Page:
Use your pages to discuss the news, big issues, and events that relate to your field, or demonstrate how you would solve problems, leverage opportunities and exploit it for work. Use social media, specifically LinkedIn and Twitter, along with forum or comment posts to get involved in the discussion around your professional area. These will help get your name recognized while making a contribution and increasing your visibility.
Key Point: Use LinkedIn for a full biography, listing your skills and experience. Use Twitter for the day-to-day chat and making contacts, but direct people to your LinkedIn whenever possible. Focus on projects around your core skills or interests first, before branching out.
Do: Engage far and wide, the aim is to build relationships and demonstrate that you are an active part of a market, vertical, ecosystem or can demonstrate domain expertise. Be polite and encouraging at all times. Look for high-quality work, either by approaching individual companies or scrutinizing freelancer sites for the quality roles.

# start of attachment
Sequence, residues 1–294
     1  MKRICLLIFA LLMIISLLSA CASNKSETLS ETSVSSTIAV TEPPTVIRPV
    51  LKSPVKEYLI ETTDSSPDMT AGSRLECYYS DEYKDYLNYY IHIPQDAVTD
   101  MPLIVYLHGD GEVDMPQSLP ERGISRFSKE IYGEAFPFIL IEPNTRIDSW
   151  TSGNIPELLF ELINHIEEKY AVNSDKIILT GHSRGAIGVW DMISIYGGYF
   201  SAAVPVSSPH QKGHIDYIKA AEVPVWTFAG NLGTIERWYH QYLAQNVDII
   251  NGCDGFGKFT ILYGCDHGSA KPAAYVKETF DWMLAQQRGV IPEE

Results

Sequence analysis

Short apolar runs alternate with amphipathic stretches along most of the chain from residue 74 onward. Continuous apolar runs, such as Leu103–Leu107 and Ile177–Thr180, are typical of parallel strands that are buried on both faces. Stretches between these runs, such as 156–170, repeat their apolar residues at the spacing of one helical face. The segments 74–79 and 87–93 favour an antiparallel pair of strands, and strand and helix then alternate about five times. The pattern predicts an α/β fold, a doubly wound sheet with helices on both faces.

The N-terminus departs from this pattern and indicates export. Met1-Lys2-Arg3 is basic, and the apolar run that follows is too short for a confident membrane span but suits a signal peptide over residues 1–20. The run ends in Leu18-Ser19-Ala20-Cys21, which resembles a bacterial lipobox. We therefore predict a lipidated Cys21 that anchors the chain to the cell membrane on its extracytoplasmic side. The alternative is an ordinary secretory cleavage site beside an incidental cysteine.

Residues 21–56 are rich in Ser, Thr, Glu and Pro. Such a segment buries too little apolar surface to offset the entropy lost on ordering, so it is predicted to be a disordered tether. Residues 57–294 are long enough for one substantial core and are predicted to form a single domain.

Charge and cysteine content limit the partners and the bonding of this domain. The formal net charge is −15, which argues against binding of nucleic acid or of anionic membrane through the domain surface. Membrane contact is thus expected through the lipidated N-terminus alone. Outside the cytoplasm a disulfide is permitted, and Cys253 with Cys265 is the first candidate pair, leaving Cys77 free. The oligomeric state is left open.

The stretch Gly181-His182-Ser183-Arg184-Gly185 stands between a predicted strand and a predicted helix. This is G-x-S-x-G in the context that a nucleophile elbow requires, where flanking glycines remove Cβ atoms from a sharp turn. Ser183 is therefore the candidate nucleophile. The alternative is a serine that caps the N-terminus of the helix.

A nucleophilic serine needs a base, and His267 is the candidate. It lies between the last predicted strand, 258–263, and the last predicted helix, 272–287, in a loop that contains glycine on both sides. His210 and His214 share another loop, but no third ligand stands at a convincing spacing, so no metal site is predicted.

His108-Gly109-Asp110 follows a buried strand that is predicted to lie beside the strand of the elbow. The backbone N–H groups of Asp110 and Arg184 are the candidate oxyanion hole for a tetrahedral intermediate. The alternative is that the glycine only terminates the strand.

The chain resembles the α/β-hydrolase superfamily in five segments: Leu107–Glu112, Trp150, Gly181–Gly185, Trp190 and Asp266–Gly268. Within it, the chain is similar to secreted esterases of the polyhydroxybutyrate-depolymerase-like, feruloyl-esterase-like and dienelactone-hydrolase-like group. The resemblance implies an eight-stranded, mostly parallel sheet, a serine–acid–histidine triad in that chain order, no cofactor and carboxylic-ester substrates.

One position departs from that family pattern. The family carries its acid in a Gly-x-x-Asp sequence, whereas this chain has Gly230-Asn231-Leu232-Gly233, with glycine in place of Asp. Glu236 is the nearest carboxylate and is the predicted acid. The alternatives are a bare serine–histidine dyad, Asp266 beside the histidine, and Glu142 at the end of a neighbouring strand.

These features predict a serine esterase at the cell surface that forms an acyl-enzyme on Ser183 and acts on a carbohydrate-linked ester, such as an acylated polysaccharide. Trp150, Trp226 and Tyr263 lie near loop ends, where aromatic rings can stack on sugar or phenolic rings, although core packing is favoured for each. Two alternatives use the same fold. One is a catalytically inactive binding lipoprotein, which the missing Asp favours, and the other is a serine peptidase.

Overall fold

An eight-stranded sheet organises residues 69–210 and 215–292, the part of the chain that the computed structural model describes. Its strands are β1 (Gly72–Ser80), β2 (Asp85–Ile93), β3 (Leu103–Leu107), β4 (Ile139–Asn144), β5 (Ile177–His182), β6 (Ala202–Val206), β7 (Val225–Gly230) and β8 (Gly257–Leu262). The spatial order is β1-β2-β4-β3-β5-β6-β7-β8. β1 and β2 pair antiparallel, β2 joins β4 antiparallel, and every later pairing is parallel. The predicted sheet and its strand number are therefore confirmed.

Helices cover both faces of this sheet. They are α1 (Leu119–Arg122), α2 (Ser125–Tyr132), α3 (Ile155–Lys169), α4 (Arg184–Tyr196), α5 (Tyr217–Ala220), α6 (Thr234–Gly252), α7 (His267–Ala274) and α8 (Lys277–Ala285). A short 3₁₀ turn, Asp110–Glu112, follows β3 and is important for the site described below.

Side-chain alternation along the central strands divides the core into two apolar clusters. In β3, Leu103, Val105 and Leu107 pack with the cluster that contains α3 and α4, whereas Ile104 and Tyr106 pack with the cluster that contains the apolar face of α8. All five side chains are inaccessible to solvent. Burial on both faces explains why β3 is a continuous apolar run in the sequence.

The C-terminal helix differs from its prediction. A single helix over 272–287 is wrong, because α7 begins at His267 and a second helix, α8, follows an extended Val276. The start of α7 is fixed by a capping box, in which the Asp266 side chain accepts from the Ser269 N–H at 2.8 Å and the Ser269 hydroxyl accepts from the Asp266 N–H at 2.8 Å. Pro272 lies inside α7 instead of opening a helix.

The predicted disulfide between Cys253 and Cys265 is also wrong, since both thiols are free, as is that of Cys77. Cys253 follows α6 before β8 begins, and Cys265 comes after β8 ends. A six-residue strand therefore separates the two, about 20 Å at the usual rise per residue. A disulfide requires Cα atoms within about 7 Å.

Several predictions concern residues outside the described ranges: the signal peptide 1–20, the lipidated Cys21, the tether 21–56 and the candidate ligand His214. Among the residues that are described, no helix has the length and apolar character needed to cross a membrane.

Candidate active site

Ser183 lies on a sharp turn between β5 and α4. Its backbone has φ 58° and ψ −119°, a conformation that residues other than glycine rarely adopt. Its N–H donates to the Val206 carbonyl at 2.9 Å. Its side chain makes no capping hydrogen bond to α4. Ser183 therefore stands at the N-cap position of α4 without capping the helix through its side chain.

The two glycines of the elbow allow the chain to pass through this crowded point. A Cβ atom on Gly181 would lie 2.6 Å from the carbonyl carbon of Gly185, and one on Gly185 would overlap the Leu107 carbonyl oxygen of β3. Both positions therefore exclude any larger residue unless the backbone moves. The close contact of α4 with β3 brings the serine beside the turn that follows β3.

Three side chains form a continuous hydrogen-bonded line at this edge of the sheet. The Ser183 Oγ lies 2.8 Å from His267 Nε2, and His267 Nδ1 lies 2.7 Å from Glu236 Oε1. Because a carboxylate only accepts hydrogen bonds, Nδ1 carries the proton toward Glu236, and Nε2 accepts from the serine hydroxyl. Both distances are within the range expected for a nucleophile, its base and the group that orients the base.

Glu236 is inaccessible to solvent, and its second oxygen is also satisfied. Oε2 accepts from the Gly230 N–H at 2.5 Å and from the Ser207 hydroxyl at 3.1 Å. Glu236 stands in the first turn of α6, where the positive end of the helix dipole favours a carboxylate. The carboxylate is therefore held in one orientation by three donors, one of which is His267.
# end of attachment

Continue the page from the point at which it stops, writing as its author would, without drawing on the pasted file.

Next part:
Don’t: Mix social and personal comment with your professional persona, creating a brand requires some discipline and will not benefit from a heated argument, abuse or irrelevance.
Make Each Project Count
Your work counts for about 90% of your brand. High-quality project results will help sell you to new clients and win repeat business.
You only get one chance to make a first impression, so those initial projects will naturally be polished to a fine shine. Use every method of quality control available, reread any text multiple times, check coding or designs, consider every recommendation or finding from the view of the client.